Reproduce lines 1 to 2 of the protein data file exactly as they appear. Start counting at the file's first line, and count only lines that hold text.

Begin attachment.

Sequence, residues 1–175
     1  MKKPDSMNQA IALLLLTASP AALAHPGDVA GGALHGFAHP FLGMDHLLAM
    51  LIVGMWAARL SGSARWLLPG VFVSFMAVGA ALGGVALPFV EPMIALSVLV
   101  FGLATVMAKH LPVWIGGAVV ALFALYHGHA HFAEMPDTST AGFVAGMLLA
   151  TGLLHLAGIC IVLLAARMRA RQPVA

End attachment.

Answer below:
Sequence, residues 1–175
     1  MKKPDSMNQA IALLLLTASP AALAHPGDVA GGALHGFAHP FLGMDHLLAM